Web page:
By Lauren Matison
The Brandywine Valley’s unsullied green hillsides appear out the window within two hours of leaving New York City. It is a countryside not taken for granted with its centuries old trees, stone cottages, and small, unpaved dirt roads. No new commercial developments will wake you up here with their screeching cranes.
Before pumpkins and candy apple red leaves are replaced with bread bowls and snowballs, consider strolling through vineyards, historic towns, and world famous gardens in the Brandywine Valley for your next quick getaway.
Traditionally known for its place in the history books, the piece of land straddling southeastern Pennsylvania and northern Delaware stakes its claim to Revolutionary fame according to a battle between George Washington’s troops and the redcoats in 1777. History junkies can visit the Brandywine Battlefield Wednesday through Sunday until 4pm for a tour of the hallowed grounds.
The valley is a living museum, worth visiting as much for its deep historical roots as for its diverse acres of wineries. The Brandywine Valley Wine Trail website is a great resource that keeps tabs on a wide variety of year round events on the vineyards, like yoga classes, bon fires and outdoor movies, and ugly sweater parties. You can always find deals and half-off tasting specials going on around the valley.
A visit during the fall season means lower prices than chain hotels (rates can range from $70-$345), homemade meals, and a vintage experience in a locally run guest house. Peruse the Brandywine Valley bed & breakfast directory for a list of charming B&B’s like Sweetwater Farm and Kennett House, which is a short walk from great shops and sustainable eats—Talula’s Table is a must try—in historic Kennett Square. In addition to last minute specials starting at $126, the Kennett House has a Brandywine Wine Trail for Two package that includes overnight accommodations, wine glasses, and a wine passport for two to enjoy free tastings at the area’s top wineries.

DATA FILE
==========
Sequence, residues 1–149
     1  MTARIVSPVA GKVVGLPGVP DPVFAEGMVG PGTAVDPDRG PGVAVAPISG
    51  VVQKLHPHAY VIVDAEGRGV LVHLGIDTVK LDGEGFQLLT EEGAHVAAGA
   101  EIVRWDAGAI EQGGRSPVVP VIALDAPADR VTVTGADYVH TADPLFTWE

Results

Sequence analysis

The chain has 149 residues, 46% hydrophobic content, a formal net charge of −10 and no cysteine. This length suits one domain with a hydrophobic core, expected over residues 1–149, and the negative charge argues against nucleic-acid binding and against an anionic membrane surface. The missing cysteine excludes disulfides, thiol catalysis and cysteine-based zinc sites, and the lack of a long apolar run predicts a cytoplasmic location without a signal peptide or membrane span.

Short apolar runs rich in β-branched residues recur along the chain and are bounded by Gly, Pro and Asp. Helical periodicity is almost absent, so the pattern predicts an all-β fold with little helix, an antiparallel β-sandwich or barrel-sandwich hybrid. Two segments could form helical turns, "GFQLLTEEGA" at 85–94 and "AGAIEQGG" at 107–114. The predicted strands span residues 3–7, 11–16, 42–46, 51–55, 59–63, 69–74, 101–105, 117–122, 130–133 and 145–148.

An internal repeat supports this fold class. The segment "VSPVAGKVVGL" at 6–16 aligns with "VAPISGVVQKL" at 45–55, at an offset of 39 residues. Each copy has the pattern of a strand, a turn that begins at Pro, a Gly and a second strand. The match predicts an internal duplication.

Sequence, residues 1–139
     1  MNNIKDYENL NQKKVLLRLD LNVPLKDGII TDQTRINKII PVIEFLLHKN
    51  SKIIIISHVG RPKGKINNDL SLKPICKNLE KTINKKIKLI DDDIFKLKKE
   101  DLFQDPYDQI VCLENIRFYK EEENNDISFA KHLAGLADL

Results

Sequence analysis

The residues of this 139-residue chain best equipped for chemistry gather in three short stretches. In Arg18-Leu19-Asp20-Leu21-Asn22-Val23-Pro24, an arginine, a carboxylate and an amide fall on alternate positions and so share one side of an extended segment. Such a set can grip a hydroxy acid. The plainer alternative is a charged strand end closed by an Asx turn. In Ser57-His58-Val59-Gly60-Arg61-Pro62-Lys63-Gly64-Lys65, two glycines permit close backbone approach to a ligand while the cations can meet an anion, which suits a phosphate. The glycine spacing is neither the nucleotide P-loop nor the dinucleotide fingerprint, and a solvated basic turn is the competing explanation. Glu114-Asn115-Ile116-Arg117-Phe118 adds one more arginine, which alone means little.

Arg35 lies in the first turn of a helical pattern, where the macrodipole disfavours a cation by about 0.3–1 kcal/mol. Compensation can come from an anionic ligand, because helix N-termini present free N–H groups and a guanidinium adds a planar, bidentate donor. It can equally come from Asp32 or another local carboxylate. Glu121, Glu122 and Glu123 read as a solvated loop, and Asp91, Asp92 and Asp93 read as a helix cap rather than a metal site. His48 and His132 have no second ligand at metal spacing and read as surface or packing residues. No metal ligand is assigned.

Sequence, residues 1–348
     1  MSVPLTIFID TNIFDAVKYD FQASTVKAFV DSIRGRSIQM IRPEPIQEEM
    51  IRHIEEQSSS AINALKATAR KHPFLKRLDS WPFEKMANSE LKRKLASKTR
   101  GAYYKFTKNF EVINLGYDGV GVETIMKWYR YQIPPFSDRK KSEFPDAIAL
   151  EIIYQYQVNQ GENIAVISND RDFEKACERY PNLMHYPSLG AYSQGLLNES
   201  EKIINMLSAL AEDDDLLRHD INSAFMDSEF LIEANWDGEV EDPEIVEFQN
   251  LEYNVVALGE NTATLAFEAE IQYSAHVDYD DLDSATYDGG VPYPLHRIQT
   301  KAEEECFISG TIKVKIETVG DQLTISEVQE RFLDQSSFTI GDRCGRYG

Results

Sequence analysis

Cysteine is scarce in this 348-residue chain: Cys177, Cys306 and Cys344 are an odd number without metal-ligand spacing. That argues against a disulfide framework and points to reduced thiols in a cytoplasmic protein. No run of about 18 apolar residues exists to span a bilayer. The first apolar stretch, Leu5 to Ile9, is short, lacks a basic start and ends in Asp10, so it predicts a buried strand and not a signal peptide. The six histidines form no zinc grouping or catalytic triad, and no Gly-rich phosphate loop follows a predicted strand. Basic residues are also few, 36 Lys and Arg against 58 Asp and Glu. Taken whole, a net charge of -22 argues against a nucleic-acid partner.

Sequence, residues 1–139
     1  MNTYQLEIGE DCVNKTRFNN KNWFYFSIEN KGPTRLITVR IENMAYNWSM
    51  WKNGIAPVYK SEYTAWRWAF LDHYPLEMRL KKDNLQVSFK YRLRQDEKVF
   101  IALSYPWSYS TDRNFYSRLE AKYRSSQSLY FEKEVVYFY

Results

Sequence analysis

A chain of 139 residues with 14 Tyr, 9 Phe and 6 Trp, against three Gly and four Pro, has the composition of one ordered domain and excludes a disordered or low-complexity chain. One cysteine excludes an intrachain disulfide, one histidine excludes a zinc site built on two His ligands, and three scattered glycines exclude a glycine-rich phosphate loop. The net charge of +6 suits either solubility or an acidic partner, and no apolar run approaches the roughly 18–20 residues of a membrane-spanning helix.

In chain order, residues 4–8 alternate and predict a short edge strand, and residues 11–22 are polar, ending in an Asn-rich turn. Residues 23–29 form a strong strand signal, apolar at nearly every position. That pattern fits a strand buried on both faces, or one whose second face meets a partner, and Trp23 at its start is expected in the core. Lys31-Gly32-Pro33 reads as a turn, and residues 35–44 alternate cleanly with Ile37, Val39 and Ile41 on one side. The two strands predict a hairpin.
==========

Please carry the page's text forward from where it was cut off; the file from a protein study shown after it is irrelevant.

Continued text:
More widely known is Chaddsford Winery. In contrast to Va La, where all the wine’s grapes are grown in the family’s vineyards, Chaddsford imports the grapes for its extensive wine list. The much larger property has a picnic area, greater selection of wines and accessories on sale, and frequently hosts festivals and concerts. The wine tasting package—sample 10 wines paired with 10 candies—is $20.
For those seeking a taste of local culture, explore nearby Brandywine River Museum, a four-story 19th century gristmill that hugs the river and holds thousands of landscapes, stills, and portraits by 19th and 20th century American artists, all part of the Wyeth family art collection.
Gateway Stables offers everything from hour long trail rides ($40/person) through the fields and woods to 60 minute group lessons. The owner’s daughter, Laurie Jakubauskas, is an international professional jumper with an equestrian facility a few miles away. Longwood Gardens is something you might expect to find in the backyard of Versailles. More than 1,050 acres of greenhouses, fountains, conservatories, and naturally, gardens, it is every horticulturist’s fantasy and your best bet for finding a few sobering hours (though you could spend half a day) that will awaken all your senses. Check the schedule for a complete list of upcoming events, like the Chrysanthemum Festival (October 27-November 18).`
How to get there: You can take the Amtrak Northeast regional train or the high-speed Acela from Penn Station to the Wilmington, DE station and arrive in 1 hour and 26 minutes. The roundtrip Acela ticket costs $118. The station is a 33-minute drive to Kennett House. Budget has a rental car location at the station. While it is possible to get to the area via public transportation, it will be difficult to visit all the destinations without a car. Use our hybrid rental car guide to leave directly from Manhattan.
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